A new design for rural schools could revolutionize Kenya’s education system. British architects Jane Harrison and David Turnbill worked with Atopia Research to design the WATERBANK school in Nigare Nyiro, which harvests rainwater and stores it in a reservoir on the school property. In addition to providing up to five liters a day per student, this ingenious system enables girls normally responsible for collecting water outside of the home to attend classes and receive an education.

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Atopia Research, Jane Harrison, David Turnbull, Kenya, WATERBANK Schools, PITCHAfrica, rainwater harvesting schools, water catchment, green design, locally sourced materials, sustainable design, eco-design, Africa, education,

Built with locally-sourced materials and by the local community, the modest school for 200 students is encircled by a garden wall designed to keep out thirsty elephants. There are four classrooms designed to hold up to 60 students along with a theater, teacher’s rooms and a community workshop space. Most of the construction was facilitated from afar and on Skype, WAN reports.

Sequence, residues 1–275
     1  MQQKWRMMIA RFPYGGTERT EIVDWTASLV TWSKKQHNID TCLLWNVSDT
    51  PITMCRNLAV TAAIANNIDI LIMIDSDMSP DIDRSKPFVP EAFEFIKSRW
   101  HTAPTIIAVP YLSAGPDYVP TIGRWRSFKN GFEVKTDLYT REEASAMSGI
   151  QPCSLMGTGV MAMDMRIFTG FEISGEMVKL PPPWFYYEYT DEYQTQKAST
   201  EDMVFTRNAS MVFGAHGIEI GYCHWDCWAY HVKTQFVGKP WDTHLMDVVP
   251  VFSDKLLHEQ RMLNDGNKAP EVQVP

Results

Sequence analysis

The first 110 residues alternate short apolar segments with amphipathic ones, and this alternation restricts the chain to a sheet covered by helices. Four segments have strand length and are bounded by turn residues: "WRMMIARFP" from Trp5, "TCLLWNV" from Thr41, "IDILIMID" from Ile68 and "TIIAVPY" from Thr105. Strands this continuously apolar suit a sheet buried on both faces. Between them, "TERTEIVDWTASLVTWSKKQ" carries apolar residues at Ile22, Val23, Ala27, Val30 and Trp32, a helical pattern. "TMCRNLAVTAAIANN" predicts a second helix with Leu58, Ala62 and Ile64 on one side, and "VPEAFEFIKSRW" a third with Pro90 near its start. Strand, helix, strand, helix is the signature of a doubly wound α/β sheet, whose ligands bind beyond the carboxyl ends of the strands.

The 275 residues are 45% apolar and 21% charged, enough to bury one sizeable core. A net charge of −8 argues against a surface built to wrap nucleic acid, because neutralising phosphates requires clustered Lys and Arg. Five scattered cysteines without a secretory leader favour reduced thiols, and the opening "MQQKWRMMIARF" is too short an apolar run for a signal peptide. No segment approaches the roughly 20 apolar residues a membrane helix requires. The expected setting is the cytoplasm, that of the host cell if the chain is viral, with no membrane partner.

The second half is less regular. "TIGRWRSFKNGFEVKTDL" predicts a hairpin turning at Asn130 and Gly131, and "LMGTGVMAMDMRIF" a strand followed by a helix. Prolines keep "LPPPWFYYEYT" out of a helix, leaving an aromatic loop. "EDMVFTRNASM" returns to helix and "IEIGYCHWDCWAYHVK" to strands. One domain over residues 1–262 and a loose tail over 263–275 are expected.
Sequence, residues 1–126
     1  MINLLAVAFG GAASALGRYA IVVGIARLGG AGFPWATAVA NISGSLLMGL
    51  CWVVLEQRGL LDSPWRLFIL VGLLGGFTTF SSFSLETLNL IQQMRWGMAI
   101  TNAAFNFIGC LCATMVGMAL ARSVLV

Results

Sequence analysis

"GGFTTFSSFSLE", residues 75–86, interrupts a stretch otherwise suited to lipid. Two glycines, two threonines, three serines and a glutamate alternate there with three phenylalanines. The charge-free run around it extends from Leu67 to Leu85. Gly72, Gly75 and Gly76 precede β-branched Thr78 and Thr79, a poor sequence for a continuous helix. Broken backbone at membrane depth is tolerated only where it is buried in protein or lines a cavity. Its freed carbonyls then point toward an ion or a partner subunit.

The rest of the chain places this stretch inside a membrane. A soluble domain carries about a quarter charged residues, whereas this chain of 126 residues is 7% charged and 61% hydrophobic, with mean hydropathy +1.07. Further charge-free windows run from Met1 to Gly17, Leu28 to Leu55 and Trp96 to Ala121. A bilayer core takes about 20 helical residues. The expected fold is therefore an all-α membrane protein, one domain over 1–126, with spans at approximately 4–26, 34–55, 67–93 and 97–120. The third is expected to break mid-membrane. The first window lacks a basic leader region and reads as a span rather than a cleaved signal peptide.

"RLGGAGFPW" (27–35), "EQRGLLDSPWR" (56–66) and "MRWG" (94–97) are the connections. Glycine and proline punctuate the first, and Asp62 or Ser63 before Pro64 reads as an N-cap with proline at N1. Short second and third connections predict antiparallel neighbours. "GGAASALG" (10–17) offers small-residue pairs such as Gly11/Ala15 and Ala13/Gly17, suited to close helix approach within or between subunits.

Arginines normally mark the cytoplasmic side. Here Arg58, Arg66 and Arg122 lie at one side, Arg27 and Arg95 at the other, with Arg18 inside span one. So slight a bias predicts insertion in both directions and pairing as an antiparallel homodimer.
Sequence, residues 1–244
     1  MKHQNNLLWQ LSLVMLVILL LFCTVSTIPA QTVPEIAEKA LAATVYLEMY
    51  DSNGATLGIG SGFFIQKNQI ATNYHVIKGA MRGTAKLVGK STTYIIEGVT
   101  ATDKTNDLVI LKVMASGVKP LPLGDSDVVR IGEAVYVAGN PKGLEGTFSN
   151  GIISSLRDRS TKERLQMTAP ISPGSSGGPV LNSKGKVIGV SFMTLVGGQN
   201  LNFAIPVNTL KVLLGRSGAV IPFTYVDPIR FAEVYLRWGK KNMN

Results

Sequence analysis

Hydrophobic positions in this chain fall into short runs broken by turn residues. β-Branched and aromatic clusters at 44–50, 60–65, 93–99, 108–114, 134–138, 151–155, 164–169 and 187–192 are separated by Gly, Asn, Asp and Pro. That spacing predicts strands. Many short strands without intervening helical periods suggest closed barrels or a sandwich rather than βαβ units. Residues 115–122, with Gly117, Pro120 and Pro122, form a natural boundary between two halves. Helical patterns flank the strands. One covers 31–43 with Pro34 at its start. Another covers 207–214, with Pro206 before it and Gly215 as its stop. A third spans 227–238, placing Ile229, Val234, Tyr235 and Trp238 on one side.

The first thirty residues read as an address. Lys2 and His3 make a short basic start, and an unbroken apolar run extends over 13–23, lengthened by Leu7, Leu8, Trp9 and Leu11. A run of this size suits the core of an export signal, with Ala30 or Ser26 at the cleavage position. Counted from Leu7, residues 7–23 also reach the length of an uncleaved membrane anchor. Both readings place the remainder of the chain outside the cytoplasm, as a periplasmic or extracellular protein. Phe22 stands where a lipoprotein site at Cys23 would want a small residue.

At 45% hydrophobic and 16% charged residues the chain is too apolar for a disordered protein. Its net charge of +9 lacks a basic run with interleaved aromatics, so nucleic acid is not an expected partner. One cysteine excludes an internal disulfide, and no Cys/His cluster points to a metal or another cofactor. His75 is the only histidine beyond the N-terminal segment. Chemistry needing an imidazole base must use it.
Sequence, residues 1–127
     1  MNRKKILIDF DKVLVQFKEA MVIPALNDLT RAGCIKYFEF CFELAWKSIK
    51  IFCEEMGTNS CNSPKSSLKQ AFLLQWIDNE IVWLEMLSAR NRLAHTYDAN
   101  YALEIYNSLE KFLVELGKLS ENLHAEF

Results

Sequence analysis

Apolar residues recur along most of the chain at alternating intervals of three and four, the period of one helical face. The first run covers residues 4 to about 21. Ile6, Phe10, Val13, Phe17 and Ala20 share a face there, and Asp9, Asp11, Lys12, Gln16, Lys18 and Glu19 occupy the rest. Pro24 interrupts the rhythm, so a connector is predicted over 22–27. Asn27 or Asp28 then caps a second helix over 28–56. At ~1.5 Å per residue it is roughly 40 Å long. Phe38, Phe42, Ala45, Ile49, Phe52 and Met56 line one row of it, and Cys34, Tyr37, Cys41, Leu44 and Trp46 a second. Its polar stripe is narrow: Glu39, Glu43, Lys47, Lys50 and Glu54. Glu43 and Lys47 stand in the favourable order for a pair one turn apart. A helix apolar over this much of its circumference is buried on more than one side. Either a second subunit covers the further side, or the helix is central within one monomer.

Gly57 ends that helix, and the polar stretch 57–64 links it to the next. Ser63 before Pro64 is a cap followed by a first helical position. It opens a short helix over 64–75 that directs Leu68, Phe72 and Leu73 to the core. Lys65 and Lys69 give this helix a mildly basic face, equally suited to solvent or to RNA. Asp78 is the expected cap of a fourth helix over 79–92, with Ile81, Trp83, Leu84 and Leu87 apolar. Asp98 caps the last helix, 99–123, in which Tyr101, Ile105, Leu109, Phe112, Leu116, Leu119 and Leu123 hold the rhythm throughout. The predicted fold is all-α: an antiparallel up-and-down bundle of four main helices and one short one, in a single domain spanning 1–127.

The reservoir located in the center of the school courtyard stores water harvested from a catchment system installed on the school’s 600 square meter roof. An integrated filtration system ensures that the water is clean and the design team predict that – weather depending – the reservoir could provide up to 350,000 liters of clean water each year. The initiative is produced by PITCHAfrica founded in part by Harrison and Turnbull, who have similar projects in the works in the same region.

+ ATOPIA Research